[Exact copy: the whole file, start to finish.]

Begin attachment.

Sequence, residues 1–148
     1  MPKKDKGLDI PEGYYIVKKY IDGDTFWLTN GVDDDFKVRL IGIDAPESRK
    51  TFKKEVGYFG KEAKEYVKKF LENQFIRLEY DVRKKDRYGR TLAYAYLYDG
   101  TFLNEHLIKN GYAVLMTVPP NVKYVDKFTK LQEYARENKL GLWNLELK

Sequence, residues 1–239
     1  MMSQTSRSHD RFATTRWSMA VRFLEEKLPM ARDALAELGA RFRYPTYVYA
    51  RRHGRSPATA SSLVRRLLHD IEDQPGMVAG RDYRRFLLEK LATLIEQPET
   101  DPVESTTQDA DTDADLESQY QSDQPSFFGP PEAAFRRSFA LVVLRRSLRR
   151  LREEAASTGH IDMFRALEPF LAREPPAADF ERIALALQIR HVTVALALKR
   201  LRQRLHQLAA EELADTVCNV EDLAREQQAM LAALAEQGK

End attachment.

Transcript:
Sequence, residues 1–148
     1  MPKKDKGLDI PEGYYIVKKY IDGDTFWLTN GVDDDFKVRL IGIDAPESRK
    51  TFKKEVGYFG KEAKEYVKKF LENQFIRLEY DVRKKDRYGR TLAYAYLYDG
   101  TFLNEHLIKN GYAVLMTVPP NVKYVDKFTK LQEYARENKL GLWNLELK

Sequence, residues 1–239
     1  MMSQTSRSHD RFATTRWSMA VRFLEEKLPM ARDALAELGA RFRYPTYVYA
    51  RRHGRSPATA SSLVRRLLHD IEDQPGMVAG RDYRRFLLEK LATLIEQPET
   101  DPVESTTQDA DTDADLESQY QSDQPSFFGP PEAAFRRSFA LVVLRRSLRR
   151  LREEAASTGH IDMFRALEPF LAREPPAADF ERIALALQIR HVTVALALKR
   201  LRQRLHQLAA EELADTVCNV EDLAREQQAM LAALAEQGK